Regular readers of Climateer Investing know I have a fascination with really fast computers. This offer from the DOE is a big deal.
"The U.S. Department of Energy is inviting proposals for innovative, large-scale computational science projects. Researchers will be able to use some of the world’s most powerful supercomputers at DOE national laboratories. The advanced computers are not commonly available in academia or the private sector."
"...A project receiving one million hours could run on 2,000 processors for 500 hours, or about 21 days. Running a one-million-hour project on a single-processor desktop computer would take more than 114 years."
And this is what's on offer, the big dog: Lawrence Berkeley National Laboratory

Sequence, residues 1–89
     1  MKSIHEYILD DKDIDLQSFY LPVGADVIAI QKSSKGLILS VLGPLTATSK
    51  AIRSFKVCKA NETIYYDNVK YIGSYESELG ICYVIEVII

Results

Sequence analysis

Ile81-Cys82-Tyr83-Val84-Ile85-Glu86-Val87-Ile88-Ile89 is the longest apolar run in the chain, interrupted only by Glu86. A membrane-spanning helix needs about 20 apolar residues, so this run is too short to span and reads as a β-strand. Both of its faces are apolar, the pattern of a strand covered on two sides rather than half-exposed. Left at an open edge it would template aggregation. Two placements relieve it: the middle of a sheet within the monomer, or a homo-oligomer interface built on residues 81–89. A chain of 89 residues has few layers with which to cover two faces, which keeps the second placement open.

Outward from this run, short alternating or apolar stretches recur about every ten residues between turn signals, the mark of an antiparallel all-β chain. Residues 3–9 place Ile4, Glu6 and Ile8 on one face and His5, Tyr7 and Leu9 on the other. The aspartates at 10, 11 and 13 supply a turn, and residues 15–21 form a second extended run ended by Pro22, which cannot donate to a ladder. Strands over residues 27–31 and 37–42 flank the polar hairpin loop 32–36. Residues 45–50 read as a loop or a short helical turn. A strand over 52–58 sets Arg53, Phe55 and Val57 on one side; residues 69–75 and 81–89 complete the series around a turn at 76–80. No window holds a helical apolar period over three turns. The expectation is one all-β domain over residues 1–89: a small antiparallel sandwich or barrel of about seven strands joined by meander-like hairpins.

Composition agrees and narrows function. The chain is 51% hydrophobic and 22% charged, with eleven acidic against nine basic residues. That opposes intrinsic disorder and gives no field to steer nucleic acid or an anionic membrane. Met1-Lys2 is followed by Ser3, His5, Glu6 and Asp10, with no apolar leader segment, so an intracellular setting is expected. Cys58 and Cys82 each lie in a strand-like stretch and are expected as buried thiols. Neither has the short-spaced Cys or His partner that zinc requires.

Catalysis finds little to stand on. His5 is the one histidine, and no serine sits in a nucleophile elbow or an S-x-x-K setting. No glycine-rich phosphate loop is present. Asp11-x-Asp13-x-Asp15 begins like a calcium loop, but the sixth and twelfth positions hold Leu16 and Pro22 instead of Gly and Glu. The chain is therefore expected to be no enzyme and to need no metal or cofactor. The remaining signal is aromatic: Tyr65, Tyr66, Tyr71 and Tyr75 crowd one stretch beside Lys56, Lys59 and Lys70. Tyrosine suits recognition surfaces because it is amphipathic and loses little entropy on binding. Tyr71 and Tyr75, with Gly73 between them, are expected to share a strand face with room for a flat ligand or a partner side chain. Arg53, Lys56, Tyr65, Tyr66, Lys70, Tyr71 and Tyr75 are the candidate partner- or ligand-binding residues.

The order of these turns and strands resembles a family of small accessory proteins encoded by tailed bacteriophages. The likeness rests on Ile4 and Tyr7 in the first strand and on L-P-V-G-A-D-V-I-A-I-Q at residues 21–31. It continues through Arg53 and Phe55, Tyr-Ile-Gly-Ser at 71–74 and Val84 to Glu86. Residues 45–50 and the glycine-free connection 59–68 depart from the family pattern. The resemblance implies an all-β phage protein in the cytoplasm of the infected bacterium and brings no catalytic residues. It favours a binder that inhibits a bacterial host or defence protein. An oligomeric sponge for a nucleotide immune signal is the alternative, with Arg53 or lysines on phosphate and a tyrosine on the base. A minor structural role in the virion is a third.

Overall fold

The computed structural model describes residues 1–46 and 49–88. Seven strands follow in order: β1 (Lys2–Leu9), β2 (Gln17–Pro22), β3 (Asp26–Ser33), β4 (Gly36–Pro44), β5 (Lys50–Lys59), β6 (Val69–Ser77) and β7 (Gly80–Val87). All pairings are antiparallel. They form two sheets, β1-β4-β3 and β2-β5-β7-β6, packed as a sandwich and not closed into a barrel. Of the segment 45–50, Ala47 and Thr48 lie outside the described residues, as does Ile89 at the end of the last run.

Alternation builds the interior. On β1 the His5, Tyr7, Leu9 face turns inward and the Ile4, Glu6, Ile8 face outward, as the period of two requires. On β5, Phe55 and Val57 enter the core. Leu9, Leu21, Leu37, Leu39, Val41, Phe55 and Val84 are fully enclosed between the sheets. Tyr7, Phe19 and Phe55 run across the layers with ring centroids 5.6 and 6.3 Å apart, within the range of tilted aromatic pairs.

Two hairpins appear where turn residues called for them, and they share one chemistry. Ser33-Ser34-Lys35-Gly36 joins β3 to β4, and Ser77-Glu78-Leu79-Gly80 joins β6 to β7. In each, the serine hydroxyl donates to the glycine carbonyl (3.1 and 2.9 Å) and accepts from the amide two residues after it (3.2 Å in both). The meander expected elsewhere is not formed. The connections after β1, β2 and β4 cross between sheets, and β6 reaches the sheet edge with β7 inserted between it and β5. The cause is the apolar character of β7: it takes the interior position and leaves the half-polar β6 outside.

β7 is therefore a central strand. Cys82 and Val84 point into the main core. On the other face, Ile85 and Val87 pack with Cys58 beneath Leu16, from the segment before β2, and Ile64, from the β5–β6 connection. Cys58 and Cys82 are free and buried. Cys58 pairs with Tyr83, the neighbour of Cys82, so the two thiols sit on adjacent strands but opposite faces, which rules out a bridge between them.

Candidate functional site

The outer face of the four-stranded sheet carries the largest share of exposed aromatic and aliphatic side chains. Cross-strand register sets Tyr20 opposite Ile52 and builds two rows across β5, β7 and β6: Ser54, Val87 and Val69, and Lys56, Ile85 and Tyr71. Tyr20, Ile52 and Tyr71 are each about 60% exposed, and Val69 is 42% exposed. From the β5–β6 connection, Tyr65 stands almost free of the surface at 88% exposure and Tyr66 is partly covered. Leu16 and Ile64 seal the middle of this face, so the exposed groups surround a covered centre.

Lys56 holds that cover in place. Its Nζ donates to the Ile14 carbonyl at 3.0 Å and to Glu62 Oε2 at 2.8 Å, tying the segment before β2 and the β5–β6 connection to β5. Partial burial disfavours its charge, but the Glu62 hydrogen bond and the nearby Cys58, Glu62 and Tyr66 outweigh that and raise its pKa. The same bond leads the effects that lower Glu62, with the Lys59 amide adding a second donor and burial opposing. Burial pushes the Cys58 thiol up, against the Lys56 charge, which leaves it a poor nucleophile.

The National Energy Research Scientific Computing (NERSC) Center at Lawrence Berkeley National Laboratory has provided computing and storage resources for INCITE projects since the program was launched in 2003. NERSC’s newest system is a 19,496-processor Cray XT4 supercomputer, which will deliver sustained performance of at least 16 trillion calculations per second — with a theoretical peak speed of more than 100 teraflop/s.
Installation began in 2006 and the full system is scheduled to go into production service in late summer 2007.
Other computing systems at NERSC include an IBM POWER 5 system with 888 processors and a peak performance of 7.4 teraflop/s; a 740-processor Linux Networx cluster with a peak speed of 3.1 teraflop/s; and a 6,756-processor IBM supercomputer with a peak speed of 10 teraflop/s. To provide archival data storage for its 2,600 users, NERSC operates a High PerformanceStorage System (HPSS) with a current capacity of 22 petabytes, or three times the volume of information in the Library of Congress. Source
I mentioned the Oak Ridge National Laboratory yesterday. Their website's front and center story? "The Business of Biomass" Tenth fastest in the world
Argonne National Laboratory
Pacific Northwest National Laboratory
Number 74 on the top 500